Last night I finally got my Bokashi cycle moving again, after a temporary backlog. My freezer was about to explode!
My landlord recently gave me permission to start a vegetable garden on the premises. Last Saturday evening, my gardener friend came over and gave me some suggestions for the plot. The ground is very hard and barren (surprisingly, there aren't any weeds), so we watered it before trying to dig in. The water initially pooled up and started flowing downhill, so we turned off the water and let the puddle soak for more than an hour.
When we returned, the water had been absorbed, and we stuck a spading fork in to see whether we could actually break ground. Thankfully, we were relieved to find that it was indeed soil at least a foot deep, and not concrete!
My gardener friend advised that we cover the plot with as much compost as possible, both as a mulch to retain moisture, as well as to attract beneficial worms to come loosen and enrich the soil. She also suggested that we prune back some of the branches from the trees surrounding the plot, to allow the vegetables some sun. Shade-tolerant plants that we're considering growing include greens, cucumbers, and potatoes, but we'd like to give them at least some sunlight.
This Sunday, a neighbor and I plan to collect some aged horse manure and stall bedding to mulch the plot. We both board horses in the neighborhood, so we have a convenient, local source for free compost. After we let the plot rest for a while (keeping it moist with periodic watering), we will prune back the trees. I want to keep the shade cover for now, to reduce evaporation - especially since the weather is starting to warm up a lot!
In any event, last night I decided to empty Bokashi Bucket #3 which has been sitting, full, in my kitchen since March 31. This time, instead of transferring it to my terra cotta planter, I decided to bury the waste straight into the ground, as various Bokashi resources have suggested.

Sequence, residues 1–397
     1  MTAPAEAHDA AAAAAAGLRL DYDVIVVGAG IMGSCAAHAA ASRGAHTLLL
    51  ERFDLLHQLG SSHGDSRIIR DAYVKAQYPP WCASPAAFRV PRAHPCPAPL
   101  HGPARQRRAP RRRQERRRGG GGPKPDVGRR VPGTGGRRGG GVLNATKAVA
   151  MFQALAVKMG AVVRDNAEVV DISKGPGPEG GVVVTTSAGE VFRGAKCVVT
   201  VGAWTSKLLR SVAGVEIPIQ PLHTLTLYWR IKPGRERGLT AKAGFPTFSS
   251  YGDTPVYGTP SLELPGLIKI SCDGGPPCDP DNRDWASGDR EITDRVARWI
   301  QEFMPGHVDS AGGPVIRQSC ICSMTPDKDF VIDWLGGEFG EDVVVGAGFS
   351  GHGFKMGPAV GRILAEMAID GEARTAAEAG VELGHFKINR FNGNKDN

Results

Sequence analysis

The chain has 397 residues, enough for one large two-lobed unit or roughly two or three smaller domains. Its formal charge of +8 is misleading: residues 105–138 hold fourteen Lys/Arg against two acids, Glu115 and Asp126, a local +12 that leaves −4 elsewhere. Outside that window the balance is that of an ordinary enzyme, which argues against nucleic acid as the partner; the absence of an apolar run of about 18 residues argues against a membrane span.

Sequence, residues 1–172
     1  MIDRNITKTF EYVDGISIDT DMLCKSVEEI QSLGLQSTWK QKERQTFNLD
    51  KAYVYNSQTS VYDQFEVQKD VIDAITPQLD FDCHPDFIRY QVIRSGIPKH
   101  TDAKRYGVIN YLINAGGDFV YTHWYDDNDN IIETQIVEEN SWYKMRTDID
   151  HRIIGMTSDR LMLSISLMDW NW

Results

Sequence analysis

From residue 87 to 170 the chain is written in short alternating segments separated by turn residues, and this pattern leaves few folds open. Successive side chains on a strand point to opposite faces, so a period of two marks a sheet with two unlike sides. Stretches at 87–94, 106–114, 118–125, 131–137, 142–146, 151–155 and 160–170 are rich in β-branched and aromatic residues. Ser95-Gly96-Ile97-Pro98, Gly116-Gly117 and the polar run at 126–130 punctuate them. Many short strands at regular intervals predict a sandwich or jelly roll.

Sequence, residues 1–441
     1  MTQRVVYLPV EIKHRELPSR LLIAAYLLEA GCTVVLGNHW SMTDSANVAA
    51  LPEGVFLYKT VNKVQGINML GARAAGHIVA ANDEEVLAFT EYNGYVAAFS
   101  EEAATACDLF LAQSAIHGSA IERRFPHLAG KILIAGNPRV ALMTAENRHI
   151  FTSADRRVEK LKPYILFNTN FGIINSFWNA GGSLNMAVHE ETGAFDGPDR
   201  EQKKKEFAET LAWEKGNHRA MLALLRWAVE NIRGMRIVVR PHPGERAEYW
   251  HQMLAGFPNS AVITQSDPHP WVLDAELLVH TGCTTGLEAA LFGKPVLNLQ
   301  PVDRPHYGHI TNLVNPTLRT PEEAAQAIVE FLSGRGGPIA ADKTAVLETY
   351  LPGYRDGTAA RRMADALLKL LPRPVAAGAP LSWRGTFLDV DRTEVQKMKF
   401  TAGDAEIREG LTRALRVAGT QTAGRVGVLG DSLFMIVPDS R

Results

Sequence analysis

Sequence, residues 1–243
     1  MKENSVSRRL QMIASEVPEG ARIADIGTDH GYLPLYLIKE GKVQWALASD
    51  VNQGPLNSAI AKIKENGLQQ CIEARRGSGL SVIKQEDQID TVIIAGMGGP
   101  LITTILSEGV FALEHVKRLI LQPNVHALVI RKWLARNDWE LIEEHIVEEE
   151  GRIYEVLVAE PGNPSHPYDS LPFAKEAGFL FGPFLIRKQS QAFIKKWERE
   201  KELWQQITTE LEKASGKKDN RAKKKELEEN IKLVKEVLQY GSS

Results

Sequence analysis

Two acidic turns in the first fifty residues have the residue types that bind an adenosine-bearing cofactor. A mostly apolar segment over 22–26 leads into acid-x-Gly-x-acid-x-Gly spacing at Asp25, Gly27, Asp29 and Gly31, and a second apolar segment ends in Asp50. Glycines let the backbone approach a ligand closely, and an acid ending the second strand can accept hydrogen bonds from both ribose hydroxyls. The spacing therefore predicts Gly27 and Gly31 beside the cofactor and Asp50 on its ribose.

I didn't have the liberty to do this before, as I had no access to an empty plot of dirt. Now I do have an empty plot of dirt - and one that desperately needs enrichment from compost!
Breaking ground to bury my compost was very difficult, even though I watered first. I ended up using the same spot where we had tested the ground with the spading fork last weekend. My hole was not quite a foot deep, but we managed to fit the contents of the Bokashi bucket (interspersed with thin layers of dirt), cover it completely, and tamp it down firmly. Hopefully it won't get unearthed by curious neighborhood animals right away!
I'm hoping to continue burying my waste directly in the ground from now on. The plot is large, and I'm sure we can dedicate a section for composting purposes. This will allow me to keep my Bokashi cycle going more continuously, rather than waiting for the material in the planter to finish decomposing before I can empty the next bucket.
Now I can put my planter to good use growing basil. Not only do I use fresh basil frequently for Italian dishes, but my my mother also recently recounted a nice anecdote about my late grandmother's fondness for the herb. The Sweet Basil variety isn't readily available in Taiwan, where she lived, so my mother brought her seeds to grow her own potted plants. So now when I plant basil, I will think of her :) Happy Mother's Day, everyone!